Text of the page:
This epidemic is far more severe and reaching than your average addict suffering alone and gets caught red handed purchasing their next pick me up. Anymore these drugs are death sentences and the addicts know that and they make the CHOICE to put this stuff into their system. More importantly is that fact that when they do make that decision they are not only putting themselves in harms way but also first responders. Countless people are also exposed to these highly dangerous drugs because of their poor decision. I’ll bet the founders of the drug court NEVER did take that into consideration. We do not need to poo poo their problems like our local “We are not accountable for our actions” drug court. They need REAL CONSEQUENCES for their actions. NO room at the inn for these people at the local county level then put them in the state penitentiary. How DARE they put other people in harms way because of their poor decisions!!! We should not be in the business to try to save these people who are quite frankly NOT worth saving. No one should have to risk their lives in an attempt to save them. Society and the tax payer should NOT have to foot the bill to help save them in any respect. Put them away or leave them die. When faced with that choice they will either sink or swim. Again, that is their own decision just like the decision they made to get into their own mess.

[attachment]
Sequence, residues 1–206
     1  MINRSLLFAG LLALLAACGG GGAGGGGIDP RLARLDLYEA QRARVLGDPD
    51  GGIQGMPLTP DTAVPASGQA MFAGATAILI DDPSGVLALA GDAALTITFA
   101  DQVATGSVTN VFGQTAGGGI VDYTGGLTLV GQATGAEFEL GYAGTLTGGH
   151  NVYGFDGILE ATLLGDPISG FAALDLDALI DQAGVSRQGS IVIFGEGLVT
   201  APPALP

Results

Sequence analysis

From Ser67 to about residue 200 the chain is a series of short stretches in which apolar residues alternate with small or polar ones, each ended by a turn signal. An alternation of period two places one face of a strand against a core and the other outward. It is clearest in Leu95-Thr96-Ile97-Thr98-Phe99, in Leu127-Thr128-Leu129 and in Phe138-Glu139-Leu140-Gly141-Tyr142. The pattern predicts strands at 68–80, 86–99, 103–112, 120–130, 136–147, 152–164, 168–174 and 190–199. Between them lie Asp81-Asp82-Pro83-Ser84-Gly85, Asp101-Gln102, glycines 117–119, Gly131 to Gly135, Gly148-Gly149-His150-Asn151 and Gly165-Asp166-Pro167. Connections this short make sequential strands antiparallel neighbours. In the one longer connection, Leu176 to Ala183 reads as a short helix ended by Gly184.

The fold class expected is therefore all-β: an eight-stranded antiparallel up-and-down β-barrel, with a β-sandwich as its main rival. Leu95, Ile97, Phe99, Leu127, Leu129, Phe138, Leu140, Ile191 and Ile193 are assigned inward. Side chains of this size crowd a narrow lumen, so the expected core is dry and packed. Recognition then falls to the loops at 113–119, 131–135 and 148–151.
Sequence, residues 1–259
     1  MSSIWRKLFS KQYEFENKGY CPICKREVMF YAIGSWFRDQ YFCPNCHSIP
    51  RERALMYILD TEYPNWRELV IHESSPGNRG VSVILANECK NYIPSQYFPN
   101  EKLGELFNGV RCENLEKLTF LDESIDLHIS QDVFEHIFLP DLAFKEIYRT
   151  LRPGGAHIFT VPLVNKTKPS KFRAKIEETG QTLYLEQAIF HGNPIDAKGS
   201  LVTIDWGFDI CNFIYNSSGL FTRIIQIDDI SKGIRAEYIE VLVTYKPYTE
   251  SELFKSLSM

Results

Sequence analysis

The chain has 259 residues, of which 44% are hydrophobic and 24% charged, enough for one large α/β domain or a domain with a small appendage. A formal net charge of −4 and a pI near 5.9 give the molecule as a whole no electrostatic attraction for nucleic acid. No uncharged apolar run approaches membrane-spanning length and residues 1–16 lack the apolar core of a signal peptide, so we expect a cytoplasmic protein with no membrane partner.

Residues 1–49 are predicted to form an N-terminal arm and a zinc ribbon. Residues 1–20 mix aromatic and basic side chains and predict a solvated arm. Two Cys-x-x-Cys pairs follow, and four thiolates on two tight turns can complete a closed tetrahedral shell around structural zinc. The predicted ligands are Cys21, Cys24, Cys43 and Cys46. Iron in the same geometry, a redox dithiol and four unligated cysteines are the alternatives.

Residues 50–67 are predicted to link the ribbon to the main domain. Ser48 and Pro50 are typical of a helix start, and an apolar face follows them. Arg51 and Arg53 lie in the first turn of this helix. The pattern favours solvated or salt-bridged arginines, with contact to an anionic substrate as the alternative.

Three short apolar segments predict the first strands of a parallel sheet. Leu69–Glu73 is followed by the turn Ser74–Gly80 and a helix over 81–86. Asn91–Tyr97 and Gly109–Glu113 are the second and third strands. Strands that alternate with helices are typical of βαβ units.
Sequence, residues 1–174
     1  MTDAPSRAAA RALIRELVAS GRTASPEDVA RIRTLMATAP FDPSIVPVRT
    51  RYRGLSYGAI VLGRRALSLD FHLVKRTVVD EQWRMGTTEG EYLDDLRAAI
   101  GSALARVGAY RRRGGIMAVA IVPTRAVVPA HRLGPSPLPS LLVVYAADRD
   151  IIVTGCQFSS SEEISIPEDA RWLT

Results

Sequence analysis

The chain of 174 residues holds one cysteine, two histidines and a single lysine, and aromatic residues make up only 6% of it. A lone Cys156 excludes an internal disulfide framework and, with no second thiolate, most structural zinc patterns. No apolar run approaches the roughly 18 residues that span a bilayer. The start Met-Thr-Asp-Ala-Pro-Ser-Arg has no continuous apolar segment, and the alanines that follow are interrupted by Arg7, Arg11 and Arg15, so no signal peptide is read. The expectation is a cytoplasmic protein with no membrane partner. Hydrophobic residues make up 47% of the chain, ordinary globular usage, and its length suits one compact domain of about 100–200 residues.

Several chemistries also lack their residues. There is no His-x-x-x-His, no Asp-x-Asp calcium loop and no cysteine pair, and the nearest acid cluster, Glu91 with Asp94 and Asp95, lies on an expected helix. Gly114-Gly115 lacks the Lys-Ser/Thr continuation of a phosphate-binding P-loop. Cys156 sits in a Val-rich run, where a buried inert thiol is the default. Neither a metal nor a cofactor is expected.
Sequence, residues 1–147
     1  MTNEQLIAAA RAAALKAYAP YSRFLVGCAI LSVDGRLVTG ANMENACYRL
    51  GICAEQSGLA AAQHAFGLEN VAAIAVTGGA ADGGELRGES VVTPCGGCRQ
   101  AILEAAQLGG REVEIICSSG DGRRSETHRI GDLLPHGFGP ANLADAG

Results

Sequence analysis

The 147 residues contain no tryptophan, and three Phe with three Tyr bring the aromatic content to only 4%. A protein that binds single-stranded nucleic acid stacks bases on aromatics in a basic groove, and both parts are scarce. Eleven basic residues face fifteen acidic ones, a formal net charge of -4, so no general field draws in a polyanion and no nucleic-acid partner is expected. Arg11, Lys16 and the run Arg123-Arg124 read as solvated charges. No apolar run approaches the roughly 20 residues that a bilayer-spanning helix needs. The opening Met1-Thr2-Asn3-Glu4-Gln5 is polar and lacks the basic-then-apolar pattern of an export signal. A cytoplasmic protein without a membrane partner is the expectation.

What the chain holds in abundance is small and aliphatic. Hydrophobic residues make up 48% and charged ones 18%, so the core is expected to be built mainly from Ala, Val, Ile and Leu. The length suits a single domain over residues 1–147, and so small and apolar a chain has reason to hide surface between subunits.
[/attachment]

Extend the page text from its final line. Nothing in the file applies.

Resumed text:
Anonymous said...

Potter County is sometimes described as a Christian County but "Mouse" is at least one exception. Even Jesus was not as all-knowing and discerning as Mouse because, from all accounts, he didn't have Mouse's divine wisdom to determine which among our brothers and sisters are "not worth saving." We don't need the Gospels. We have Mouse!!!

Anonymous said...

Wow 12:46 you really can judge people quickly without respect to human decency. Can't believe you can just give up on a person so quickly. I'm sure this epidemic has not hit home for you or you would not have this attitude. We are extremely lucky that there are people who take on the job to serve and protect. Please don't get me wrong. I wouldn't want them to come to harm because of someone else's poor decision. Who are you to decide who is "worth saving"?? Our emergency responders react daily to many situations which could be avoided. Auto accidents, fires, etc. Please try not to judge others and condemn so quickly. It is a true illness for many and you would be surprised of the amount of people who have been able to come through it and become responsible citizens. Don't give up on humanity.